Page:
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Curtis Price and Louise K. Stein

Semi-opera [ dramatic opera; English opera; ambigue ] A play with four or more separate episodes or masques which include singing, dancing, instrumental music and spectacular scenic effects such as transformations and flying. The form, which flourished in England between 1673 and 1710 , is further characterized by a clear demarcation between the main characters, who only speak, and minor characters – spirits, fairies, shepherds, gods and the like – who only sing or dance. Most semi-operas are tragicomedies adapted from earlier plays. The finest examples are those

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Opera ballo (It.: ‘opera dance’ ) Term used for the Italian variant of French grand opéra , of which Verdi’s Aida is the prime example.

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Opera-torneo (It.: ‘opera-tourney’ ) A tournament with music in an operatic style, cultivated mainly in the 17th century at the ducal courts of northern Italy and in Paris, Vienna and Munich. See Tourney .

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Julian Budden

Opera semiseria (It.: ‘half-serious opera’ ) An intermediate genre first identified during the early 19th century. The term was originally applied mainly to Italian equivalents of the French post-revolutionary ‘pièce de sauvetage’ such as Paer’s Camilla ( 1799 ) or Simon Mayr’s Le due giornate ( 1801 ), sometimes labelled ‘drammi eroicocomici’. Later it was extended to comedies, akin to the French comédie larmoyante , that contain a strong element of pathos. The range of characters is generally wider than in opera buffa , but the same types prevail

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Piero Weiss and Julian Budden

Opera buffa (It.: ‘comic opera’ ) The term ‘opera buffa’ was first applied to the genre of comic opera as it rose to popularity in Italy and abroad over the course of the 18th century. At first, ‘opera buffa’ did not appear as a designation in the librettos. Like ‘opera seria’, it was used in informal writings (letters, memoirs etc.) and in ordinary conversation, with reference to the spectacle as a whole. Librettists, even in the lowlier comic genre, had literary pretensions and accordingly entitled their work in ways that emphasized its status as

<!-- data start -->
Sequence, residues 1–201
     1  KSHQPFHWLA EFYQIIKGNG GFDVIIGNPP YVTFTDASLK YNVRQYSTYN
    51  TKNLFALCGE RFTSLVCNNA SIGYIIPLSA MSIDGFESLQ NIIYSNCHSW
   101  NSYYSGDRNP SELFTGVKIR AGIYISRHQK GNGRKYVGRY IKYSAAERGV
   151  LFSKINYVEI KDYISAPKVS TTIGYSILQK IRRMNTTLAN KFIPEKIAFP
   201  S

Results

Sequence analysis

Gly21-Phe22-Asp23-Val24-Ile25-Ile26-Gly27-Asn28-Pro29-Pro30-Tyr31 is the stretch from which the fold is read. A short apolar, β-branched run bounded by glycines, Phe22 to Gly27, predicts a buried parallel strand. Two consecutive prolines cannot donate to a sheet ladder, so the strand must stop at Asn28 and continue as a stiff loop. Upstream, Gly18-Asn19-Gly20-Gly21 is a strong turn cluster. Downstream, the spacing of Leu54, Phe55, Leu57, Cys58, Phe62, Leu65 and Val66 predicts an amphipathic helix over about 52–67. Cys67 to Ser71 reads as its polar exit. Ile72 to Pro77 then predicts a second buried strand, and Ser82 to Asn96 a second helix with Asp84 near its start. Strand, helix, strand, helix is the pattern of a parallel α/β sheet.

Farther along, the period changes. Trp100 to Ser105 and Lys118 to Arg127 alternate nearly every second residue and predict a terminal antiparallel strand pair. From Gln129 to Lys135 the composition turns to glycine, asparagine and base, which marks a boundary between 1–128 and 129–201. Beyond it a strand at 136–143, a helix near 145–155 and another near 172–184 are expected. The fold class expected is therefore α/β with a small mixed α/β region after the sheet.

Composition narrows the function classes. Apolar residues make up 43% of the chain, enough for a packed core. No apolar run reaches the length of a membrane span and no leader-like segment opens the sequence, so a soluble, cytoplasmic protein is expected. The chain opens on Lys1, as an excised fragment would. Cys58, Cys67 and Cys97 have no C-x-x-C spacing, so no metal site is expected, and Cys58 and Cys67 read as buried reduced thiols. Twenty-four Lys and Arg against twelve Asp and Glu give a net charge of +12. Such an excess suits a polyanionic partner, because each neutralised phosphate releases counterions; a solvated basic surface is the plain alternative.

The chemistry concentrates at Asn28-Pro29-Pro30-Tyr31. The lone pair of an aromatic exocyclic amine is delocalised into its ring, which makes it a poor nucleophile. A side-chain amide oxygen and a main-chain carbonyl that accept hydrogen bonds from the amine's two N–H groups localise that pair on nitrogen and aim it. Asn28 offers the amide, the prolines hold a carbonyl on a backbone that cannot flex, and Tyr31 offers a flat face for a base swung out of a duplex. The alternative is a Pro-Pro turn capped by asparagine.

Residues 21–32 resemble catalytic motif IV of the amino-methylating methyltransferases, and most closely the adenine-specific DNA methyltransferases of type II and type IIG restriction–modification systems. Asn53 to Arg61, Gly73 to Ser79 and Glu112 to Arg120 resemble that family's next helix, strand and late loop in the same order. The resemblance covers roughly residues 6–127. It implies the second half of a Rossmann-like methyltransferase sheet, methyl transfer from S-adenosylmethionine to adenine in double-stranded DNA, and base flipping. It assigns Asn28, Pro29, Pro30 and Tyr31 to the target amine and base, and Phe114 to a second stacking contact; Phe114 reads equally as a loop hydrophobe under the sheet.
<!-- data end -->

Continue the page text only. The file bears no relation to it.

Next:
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Marita P. McClymonds and Daniel Heartz

Opera seria (It: ‘serious opera’ ) A term used to signify Italian opera of the 18th and 19th centuries on a heroic or tragic subject. The term was rarely used at the time; it can sometimes be found on manuscript scores, particularly in the last quarter of the 18th century, but ‘dramma per musica’ is the usual genre description on most 18th-century and many early 19th-century printed librettos. ‘Opera seria’ appears occasionally on librettos late in the 18th century, for example for Prati's Armida abbandonata ( 1785 , Munich). Only as serious opera of

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Number opera (Ger. Nummernopera ; It. opera a numeri ) Term for an opera consisting of individual sections or ‘numbers’ which can readily be detached from the whole, as distinct from an opera consisting of continuous music. The term is best applied to the various forms of 18th-century opera, including opera seria , opera buffa , opéra comique , ballad opera and Singspiel as well as to some 19th-century grand operas. Under the influence of Wagner’s ideas about the relationship between opera and drama, the number opera became unfashionable, and neither